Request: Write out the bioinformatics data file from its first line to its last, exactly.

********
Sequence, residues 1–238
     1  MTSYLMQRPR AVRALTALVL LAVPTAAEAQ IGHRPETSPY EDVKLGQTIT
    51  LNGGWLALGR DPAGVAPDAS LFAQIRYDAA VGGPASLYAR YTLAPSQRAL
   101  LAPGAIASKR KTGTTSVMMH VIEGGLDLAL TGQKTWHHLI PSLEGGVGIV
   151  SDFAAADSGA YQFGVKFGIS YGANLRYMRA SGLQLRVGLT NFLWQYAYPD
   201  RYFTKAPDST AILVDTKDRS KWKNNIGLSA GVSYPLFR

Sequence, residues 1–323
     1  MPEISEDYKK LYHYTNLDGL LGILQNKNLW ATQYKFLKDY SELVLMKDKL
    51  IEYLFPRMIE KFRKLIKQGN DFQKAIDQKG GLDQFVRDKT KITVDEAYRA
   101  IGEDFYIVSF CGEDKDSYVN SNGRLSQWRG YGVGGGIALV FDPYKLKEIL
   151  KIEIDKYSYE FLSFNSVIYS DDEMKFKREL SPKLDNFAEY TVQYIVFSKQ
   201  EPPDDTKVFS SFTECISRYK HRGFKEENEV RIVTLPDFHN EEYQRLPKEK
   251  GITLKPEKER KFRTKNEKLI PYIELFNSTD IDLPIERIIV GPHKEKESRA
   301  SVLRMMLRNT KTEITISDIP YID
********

Sequence, residues 1–238
     1  MTSYLMQRPR AVRALTALVL LAVPTAAEAQ IGHRPETSPY EDVKLGQTIT
    51  LNGGWLALGR DPAGVAPDAS LFAQIRYDAA VGGPASLYAR YTLAPSQRAL
   101  LAPGAIASKR KTGTTSVMMH VIEGGLDLAL TGQKTWHHLI PSLEGGVGIV
   151  SDFAAADSGA YQFGVKFGIS YGANLRYMRA SGLQLRVGLT NFLWQYAYPD
   201  RYFTKAPDST AILVDTKDRS KWKNNIGLSA GVSYPLFR

Sequence, residues 1–323
     1  MPEISEDYKK LYHYTNLDGL LGILQNKNLW ATQYKFLKDY SELVLMKDKL
    51  IEYLFPRMIE KFRKLIKQGN DFQKAIDQKG GLDQFVRDKT KITVDEAYRA
   101  IGEDFYIVSF CGEDKDSYVN SNGRLSQWRG YGVGGGIALV FDPYKLKEIL
   151  KIEIDKYSYE FLSFNSVIYS DDEMKFKREL SPKLDNFAEY TVQYIVFSKQ
   201  EPPDDTKVFS SFTECISRYK HRGFKEENEV RIVTLPDFHN EEYQRLPKEK
   251  GITLKPEKER KFRTKNEKLI PYIELFNSTD IDLPIERIIV GPHKEKESRA
   301  SVLRMMLRNT KTEITISDIP YID